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“Bite-Size Bits of Local, National, and Global History”

Near East Glacier Park in Glacier County, Montana — The American West (Mountains)
 

The Lewis Overthrust Fault and Marias Pass

 
 
The Lewis Overthrust Fault and Marias Pass Marker image. Click for full size.
By Barry Swackhamer, August 21, 2020
1. The Lewis Overthrust Fault and Marias Pass Marker
Caption: John F. Stevens and his statue at Marias Pass, Montana, July 21, 1925.
Inscription.  One of the most impressive geologic features in Montana is the mountainside north of you. Notice the prominent layer of white limestone half way up the mountainside. The rocks above this layer were deposited more than 50 miles southwest of here and moved here as part of the Lewis Thrust Sheet-an enormous slab of Precambrian-age sediment more than a mile thick that encompasses most of today's Glacier National Park. The Lewis Thrust Fault on which the thrust sheet moved is under the whitish limestone layer and is a thin zone of intensely sheared shale. How do geologists known that the upper part of the mountain is "out-of-place" and moved so far? See the Geo-Facts below. Movement of the Lewis Thrust Sheet and the many other thrust sheets in the area occurred between 72 and 58 million years ago as the Rocky Mountains were forming. The "motor" causing the Rocky Mountains to form was the subduction of an oceanic plate-The Farallon Tectonic Plate-under the western margin of North America.

Geo-Facts:
• The layers of sedimentary rocks on the mountainside north of the highway are "out-of-order" because of the thrust fault. Deeply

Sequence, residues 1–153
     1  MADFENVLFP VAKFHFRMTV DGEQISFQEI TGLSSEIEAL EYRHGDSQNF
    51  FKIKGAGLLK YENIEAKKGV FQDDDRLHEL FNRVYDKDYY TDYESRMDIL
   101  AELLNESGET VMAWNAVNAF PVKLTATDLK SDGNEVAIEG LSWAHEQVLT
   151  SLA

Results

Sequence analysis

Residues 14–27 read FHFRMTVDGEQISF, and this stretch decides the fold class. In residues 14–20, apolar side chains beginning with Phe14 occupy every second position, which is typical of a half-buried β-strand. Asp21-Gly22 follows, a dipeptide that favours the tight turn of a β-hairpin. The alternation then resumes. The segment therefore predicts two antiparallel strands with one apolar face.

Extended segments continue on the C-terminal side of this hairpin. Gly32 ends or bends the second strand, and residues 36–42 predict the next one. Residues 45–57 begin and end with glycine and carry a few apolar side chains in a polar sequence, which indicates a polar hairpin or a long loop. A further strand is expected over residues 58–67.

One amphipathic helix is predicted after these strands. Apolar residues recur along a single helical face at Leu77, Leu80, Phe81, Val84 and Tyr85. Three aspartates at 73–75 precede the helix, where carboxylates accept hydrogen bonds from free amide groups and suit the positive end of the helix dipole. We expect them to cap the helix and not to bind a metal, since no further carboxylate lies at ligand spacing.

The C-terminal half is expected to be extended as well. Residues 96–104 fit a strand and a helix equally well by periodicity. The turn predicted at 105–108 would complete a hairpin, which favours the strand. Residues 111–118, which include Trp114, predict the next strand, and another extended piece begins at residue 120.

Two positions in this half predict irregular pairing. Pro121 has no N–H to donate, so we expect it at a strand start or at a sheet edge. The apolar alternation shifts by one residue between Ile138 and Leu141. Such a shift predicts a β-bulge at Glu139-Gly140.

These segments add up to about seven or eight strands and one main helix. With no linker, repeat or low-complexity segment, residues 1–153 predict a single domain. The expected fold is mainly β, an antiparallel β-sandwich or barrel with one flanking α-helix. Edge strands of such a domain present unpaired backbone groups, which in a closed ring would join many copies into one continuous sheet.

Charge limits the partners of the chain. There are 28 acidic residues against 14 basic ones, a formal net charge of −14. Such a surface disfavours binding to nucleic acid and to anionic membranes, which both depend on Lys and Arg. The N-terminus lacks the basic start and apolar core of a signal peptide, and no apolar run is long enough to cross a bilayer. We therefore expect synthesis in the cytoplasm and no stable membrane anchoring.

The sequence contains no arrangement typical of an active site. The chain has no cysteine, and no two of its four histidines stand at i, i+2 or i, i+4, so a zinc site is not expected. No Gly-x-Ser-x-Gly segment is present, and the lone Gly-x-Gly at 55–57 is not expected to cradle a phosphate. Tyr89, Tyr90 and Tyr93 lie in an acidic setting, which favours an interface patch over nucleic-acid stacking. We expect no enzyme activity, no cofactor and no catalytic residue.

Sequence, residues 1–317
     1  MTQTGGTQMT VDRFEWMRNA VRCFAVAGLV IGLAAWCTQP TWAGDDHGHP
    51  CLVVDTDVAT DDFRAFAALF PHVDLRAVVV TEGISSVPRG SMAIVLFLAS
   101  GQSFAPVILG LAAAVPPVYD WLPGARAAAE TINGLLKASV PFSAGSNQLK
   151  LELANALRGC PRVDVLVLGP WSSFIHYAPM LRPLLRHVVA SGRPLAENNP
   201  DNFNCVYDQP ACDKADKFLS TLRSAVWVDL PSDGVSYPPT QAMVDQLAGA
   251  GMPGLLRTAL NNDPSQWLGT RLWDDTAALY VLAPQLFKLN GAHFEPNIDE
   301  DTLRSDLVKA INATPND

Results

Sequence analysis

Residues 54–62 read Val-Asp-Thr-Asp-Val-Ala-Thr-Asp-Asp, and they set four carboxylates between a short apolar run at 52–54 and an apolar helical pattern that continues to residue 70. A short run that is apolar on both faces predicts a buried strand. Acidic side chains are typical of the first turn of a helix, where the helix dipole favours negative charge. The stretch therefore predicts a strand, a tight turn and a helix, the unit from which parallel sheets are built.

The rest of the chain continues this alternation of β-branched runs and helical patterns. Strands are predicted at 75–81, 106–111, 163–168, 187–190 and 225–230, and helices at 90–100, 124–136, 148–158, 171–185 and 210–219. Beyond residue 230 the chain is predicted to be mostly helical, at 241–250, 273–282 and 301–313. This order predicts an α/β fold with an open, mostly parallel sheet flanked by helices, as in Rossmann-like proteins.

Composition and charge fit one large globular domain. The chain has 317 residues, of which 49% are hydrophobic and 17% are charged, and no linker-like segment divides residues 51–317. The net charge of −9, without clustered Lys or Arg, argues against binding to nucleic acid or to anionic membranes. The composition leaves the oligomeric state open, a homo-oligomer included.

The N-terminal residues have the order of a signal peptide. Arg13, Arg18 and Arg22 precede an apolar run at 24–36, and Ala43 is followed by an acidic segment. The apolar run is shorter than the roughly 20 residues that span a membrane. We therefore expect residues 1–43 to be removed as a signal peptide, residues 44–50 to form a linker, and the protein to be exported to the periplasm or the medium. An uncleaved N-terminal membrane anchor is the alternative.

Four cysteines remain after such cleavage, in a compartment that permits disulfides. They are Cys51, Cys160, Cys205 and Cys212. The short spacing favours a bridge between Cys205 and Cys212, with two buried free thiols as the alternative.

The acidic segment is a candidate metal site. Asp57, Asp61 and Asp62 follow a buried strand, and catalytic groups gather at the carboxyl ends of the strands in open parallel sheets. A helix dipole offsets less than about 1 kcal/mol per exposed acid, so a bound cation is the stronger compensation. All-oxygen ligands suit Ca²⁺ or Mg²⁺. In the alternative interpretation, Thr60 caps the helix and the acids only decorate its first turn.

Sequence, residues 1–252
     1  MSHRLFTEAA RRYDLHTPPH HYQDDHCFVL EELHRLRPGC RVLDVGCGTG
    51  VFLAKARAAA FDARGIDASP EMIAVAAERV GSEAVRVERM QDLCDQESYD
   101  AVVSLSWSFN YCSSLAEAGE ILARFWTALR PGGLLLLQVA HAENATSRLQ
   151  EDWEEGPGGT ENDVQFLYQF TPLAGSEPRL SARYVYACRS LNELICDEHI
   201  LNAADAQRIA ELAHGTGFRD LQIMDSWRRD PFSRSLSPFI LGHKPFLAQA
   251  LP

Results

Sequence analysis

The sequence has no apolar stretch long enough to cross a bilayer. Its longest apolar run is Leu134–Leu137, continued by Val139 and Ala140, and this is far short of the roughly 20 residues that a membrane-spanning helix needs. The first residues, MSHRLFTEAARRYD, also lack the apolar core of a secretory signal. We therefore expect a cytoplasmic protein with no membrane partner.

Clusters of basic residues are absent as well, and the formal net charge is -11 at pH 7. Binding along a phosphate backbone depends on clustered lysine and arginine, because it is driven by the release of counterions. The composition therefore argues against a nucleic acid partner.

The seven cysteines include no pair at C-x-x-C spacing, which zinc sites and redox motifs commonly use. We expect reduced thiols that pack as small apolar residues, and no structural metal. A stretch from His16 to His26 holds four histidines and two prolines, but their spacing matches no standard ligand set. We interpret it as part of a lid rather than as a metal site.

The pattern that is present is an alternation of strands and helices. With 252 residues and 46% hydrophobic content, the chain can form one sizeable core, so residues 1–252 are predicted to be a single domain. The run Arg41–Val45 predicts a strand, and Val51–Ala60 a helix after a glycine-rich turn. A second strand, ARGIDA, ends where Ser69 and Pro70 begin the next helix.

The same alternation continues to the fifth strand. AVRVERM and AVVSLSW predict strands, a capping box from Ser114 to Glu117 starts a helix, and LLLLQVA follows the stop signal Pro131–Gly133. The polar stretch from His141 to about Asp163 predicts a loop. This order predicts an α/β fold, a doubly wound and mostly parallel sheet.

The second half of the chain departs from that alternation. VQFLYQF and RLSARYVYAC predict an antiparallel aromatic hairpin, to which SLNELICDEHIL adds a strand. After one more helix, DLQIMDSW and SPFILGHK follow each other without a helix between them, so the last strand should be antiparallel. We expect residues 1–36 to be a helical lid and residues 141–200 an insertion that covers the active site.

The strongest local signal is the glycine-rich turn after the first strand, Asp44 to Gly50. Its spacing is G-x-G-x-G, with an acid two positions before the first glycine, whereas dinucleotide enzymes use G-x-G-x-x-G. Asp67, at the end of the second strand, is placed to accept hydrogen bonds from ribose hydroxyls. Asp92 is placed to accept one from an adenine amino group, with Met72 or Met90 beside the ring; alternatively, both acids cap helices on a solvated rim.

The Lewis Overthrust Fault and Marias Pass Marker image. Click for full size.
By Barry Swackhamer, August 21, 2020
2. The Lewis Overthrust Fault and Marias Pass Marker
The marker is on the left.
buried rocks are now on top of rocks that were only buried to shallow depths. Metamorphosed rocks are on top of rocks that have not been "cooked." Rocks with old fossils are on top of rocks with young fossils.

• Rocks deposited originally as mud occurs above and below the thrust fault. Below the fault the former mud is now shale with clay minerals. still has some of the original seawater, is relatively soft, weathers easily and makes gentle slopes. Above the fault the water was squeezed out of the mud due to the great depth of burial and the clay minerals changed to mica because of the high temperatures at the depth creating argillite-a strong metamorphic rock that now forms steep cliffs and dramatic landscapes.

• Below the thrust fault the Cretaceous-age shales and sandstones have abundant marine fossils and were deposited between about 80 and 110 million years ago. Above the thrust fault the Precambrian-age argillite and limestone only contains fossil algae-stromatolites-deposited about 1.4 billion years ago.

Geo-Activity:
• The next time you have some silly putty to play with, roll it into a ball and leave it on the table. After a half hour notice how the ball has just oozed out to make a flat "puddle." The rocks here behave in a similar manner. Mountain building created high mountains, but the soft shale was very weak and the rocks
Statue of John F. Stevens image. Click for full size.
By Barry Swackhamer, August 21, 2020
3. Statue of John F. Stevens
just coxed out toward the prairie, even though there were strong layers inside.

(sidebar on right)